Joe Biden says his incoming administration is being obstructed by the Trump White House as the transition team hits roadblocks from the “political leadership” of national security agencies.
Delivering remarks after being briefed by his security and foreign policy teams, Mr Biden said they have encountered obstruction from both the Department of Defence and the Office of Management and Budget.
“Right now we just aren’t getting all the information that we need from the outgoing administration in key national security areas,” Mr Biden said. “It’s nothing short, in my view, of irresponsibility.”
His comments come after acting defence secretary Chris Miller reportedly ordered a Pentagon-wide pause to cooperation with the incoming Biden administration two weeks b
Mr Biden said while most agencies and career staff cooperated with his transition team, they encountered obstruction from the political leadership specifically over defence and security planning.
“The truth is many of the agencies that are critical to our security have incurred enormous damage, many have been hollowed out in personnel capacity and in morale, and their policy processes have either atrophied or been sidelined,” Mr Biden said.
Immediately following the election the Trump administration purged senior leadership from the Pentagon, with Mr Miller replacing former defence secretary Mark Esper.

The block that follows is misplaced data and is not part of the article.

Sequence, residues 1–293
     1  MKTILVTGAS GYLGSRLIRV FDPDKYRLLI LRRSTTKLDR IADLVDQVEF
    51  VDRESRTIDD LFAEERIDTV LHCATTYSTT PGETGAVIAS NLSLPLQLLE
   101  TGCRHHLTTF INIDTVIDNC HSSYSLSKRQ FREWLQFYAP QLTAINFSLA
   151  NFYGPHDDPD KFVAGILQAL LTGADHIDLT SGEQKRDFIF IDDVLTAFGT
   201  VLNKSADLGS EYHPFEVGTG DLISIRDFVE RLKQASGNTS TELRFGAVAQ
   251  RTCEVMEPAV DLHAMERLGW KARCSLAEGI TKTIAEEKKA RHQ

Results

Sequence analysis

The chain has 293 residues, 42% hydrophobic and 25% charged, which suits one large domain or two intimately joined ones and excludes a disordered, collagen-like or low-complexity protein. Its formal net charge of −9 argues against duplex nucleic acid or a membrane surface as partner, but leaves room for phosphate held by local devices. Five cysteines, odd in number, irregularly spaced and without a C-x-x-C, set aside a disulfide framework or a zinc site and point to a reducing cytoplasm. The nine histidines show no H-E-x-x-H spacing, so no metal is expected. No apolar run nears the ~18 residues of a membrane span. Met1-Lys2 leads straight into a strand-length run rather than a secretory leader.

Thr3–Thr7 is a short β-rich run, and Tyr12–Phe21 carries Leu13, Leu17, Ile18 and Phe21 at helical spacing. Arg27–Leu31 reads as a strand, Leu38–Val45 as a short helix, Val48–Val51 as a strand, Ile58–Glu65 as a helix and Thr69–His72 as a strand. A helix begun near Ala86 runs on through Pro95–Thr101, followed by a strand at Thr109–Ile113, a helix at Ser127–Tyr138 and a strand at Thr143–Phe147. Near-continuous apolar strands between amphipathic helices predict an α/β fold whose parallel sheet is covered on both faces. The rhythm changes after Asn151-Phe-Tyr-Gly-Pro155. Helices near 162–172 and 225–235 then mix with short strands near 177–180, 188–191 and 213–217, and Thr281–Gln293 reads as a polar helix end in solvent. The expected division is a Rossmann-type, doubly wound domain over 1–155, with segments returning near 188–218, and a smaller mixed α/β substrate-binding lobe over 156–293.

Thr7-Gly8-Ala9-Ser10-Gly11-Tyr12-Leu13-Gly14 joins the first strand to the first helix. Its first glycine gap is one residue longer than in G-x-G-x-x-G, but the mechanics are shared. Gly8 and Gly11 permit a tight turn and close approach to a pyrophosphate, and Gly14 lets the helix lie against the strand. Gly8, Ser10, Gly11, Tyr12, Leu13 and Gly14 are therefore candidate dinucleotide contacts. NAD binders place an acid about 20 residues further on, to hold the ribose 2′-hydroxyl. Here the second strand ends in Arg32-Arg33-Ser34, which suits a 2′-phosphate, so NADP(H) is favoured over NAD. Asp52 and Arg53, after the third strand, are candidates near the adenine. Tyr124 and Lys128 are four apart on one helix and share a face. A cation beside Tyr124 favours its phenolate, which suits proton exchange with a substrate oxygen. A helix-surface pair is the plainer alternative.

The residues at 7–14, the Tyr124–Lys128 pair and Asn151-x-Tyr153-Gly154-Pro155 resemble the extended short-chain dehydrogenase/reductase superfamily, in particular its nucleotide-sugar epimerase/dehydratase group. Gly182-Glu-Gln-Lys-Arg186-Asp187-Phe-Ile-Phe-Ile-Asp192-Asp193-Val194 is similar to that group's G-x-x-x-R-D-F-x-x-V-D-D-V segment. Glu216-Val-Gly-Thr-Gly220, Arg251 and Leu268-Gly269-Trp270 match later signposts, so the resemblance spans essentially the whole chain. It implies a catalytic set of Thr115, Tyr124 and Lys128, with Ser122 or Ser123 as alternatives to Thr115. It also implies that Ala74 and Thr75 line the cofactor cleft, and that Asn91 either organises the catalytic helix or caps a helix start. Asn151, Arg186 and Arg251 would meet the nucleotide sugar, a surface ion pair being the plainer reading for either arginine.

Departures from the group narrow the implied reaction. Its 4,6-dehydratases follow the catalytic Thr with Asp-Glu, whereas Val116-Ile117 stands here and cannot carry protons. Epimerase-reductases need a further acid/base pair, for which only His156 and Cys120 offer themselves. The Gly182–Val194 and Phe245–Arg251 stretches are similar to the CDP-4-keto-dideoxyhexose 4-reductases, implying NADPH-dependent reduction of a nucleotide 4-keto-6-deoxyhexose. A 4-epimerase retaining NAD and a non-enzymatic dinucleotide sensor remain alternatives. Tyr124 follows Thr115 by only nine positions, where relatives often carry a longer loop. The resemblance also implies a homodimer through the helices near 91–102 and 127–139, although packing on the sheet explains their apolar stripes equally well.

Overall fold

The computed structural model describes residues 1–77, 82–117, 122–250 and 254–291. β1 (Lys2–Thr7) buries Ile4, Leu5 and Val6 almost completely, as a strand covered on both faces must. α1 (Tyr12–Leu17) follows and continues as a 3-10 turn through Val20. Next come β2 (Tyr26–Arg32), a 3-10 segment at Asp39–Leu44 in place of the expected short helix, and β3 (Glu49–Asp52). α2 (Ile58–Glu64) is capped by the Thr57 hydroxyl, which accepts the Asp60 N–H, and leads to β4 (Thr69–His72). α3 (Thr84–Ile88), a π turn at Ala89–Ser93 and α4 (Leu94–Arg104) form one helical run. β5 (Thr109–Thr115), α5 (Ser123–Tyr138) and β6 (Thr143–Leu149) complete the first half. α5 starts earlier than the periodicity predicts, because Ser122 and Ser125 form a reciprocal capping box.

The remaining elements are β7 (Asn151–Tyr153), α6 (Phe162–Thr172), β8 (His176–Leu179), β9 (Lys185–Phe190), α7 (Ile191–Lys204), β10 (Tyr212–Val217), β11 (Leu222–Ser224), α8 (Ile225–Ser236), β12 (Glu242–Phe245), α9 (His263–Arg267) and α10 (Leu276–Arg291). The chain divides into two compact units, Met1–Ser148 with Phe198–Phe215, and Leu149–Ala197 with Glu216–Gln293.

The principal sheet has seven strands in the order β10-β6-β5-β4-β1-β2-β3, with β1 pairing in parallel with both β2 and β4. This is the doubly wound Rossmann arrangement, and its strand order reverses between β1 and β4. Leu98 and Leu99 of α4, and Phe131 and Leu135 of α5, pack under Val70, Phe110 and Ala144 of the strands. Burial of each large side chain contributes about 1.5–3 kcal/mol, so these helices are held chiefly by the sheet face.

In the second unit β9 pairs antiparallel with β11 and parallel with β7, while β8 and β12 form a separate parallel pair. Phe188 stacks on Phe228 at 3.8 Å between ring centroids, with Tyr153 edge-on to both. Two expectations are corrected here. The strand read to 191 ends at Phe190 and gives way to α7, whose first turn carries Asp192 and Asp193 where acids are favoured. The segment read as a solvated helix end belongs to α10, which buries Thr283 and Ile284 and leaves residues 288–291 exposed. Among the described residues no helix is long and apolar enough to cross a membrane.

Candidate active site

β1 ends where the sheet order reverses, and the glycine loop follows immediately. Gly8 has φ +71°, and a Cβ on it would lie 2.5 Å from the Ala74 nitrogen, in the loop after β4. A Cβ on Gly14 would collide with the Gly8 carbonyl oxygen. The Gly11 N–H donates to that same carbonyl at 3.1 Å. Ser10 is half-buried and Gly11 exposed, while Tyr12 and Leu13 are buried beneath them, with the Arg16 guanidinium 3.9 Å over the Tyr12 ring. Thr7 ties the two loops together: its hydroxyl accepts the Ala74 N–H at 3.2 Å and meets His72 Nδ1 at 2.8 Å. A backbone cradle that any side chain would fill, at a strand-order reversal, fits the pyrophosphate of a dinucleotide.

A senior defence department official told Axios that Mr Miller’s order to suspend meetings was a “simple delay of the last few scheduled meetings until after the new year” so overwhelmed staff could focus on their day job.
The order came as the intelligence community scrambled to respond to the massive SolarWinds cyberattack that breached multiple federal agencies, including Defence, State, Treasury, Homeland Security, Commerce and the Department of Energy’s National Security Administration, which is responsible for the country’s nuclear arsenal.
Mr Biden said Republicans and Democrats agreed the attack is a major risk to national security, and the should be able to work together to better deter, detect, disrupt and respond to malign cyber actors.
“We’re still learning about the extent of the SolarWinds hack and the vulnerabilities that have been exposed,” he said.
“And right now as our nation is in a period of transition we need to make sure that nothing is lost in the hand-off between the administrations. My team needs a clear picture of our force posture around the world and our operations to deter our enemies.”
Mr Biden said they were running into roadblocks and weren’t getting all the information they need from the outgoing Trump administration to fully respond the threat once taking office.
“We need full visibility into the budget planning underway at the defence department and other agencies in order to avoid any window of confusion or catch up that our adversaries may try to exploit,” he said.
Donald Trump initially refrained from making any comment about the hack but eventually broke his silence to play down the damage it had done and to try to divert suspicion from Russia, which his secretary of state Mike Pompeo had said was probably responsible.
Mr Trump tweeted: “The Cyber Hack is far greater in the Fake News Media than in actuality. I have been fully briefed and everything is well under control. Russia, Russia, Russia is the priority chant when anything happens because Lamestream is, for mostly financial reasons, petrified of discussing the possibility that it may be China (it may!). There could also have been a hit on our ridiculous voting machines during the election, which is now obvious that I won big, making it an even more corrupted embarrassment for the USA.”